Being elected a first-time member of parliament in 2015 did not result in a steep learning curve since Jamie Schmale had been former MP Barry Devolin’s executive assistant for years. However, sitting on the Opposition benches did allow the former reporter to learn the ropes, he told The Highlander.
“I knew the generals on how a Bill gets through Parliament, the committee structure, that kind of thing. But, actually being in it was totally different because at that point when the microphone goes live or you stand up in the House to speak, or you even go to an event in the riding, people are listening to what you have to say, for the most part. Words matter. You always had to be ready to answer questions and be ready for everything.”
Schmale said despite being a broadcaster in the past, it was still intimidating getting up in front of 337 other politicians in the House to ask a question during question period. Another challenge was continually being up on current affairs, he said. He said he was able to write his own questions and speeches and develop his style.
He described that style as “not overly attacking, critical at times when needed, but never overly nasty.”
While in Ottawa, he started off on the procedure and house affairs committee, which deals with the workings of Parliament. One of his big accomplishments was helping convincing the Liberals that MPs should continue to work five days a week, versus a proposed four.
He went on to be named critic for Northern Ontario and deputy critic for natural resources, then critic for natural resources.
Schmale said it gave him an opportunity to “really dive in and understand the economics of the north, and provinces that rely on mining.” He said that included big mining, start-ups and retailers who rely on the industry. He was also amazed at the use of environmentally-friendly technology in mines, such as electric vehicles.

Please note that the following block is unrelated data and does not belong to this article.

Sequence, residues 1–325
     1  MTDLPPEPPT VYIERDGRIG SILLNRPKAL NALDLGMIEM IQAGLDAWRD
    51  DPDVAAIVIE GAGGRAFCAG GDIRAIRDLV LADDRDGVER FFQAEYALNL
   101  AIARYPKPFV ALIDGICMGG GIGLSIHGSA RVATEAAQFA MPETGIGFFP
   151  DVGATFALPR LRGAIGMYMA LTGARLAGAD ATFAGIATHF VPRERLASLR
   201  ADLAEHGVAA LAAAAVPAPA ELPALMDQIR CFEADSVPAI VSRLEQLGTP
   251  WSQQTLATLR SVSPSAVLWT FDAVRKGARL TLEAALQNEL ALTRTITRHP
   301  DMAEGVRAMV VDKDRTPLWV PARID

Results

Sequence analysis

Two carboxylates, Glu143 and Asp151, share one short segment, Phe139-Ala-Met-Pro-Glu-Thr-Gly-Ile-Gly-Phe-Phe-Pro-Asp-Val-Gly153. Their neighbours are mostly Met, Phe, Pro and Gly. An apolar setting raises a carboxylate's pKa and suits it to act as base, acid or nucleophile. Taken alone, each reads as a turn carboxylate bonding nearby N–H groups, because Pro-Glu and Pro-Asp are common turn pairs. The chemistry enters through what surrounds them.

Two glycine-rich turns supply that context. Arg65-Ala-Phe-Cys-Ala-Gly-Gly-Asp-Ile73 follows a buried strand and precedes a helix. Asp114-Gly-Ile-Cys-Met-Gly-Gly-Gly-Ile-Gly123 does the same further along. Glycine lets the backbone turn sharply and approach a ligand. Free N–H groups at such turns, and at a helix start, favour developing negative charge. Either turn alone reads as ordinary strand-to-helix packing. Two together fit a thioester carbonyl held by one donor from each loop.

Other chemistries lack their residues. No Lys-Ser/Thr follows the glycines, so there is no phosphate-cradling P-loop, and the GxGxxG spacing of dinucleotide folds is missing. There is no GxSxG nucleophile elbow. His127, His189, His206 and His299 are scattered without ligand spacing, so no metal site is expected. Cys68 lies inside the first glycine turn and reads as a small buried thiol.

It is a portfolio he would like to continue, not just for Northern Ontario communities but First Nations relying on royalties, too. He is also keeping his hand in broadcasting, joking he has a face for radio.
The husband and father of an eight-year-old son is asked about the portfolio in the context of climate change. Schmale said Canada still has to mine since products we use every day rely on natural resources.
“We have to do our part to battle the effects of climate change, or come up with better ways of doing things, so that how we operate is as green and clean as possible,” he said.
He talks about “displacing some of the bad actors, and having them up their game.” He also talks a global game, encouraging countries such as China and Africa to improve labour and environmental standards.
Asked what he doesn’t like about his party’s platform, Schmale said he’s no fan of the current way the federal government handles taxation.
“I think the tax system overall is very complicated for individuals, and some professionals who have said that the tax system is extremely complicated and finding ways to navigate the system is getting harder. People are getting frustrated.
“In a perfect world, if I was king, I would love to move to a federal flat tax system, a very simple tax return, probably done on one page or two. All these boutique tax credits, loopholes, just gets rid of all of that.”
As he door knocks the riding, he said people are telling him they’re worried about affordability, access to high speed internet, health care, infrastructure and jobs.
And despite HaliburtonKawartha Lakes-Brock being a Conservative stronghold for years, Schmale said he isn’t resting on his laurels.
“I’d like to think that in the past four years I have proved that I’m not taking anything for granted. Anything can happen in politics. Your run scared or you run stupid. “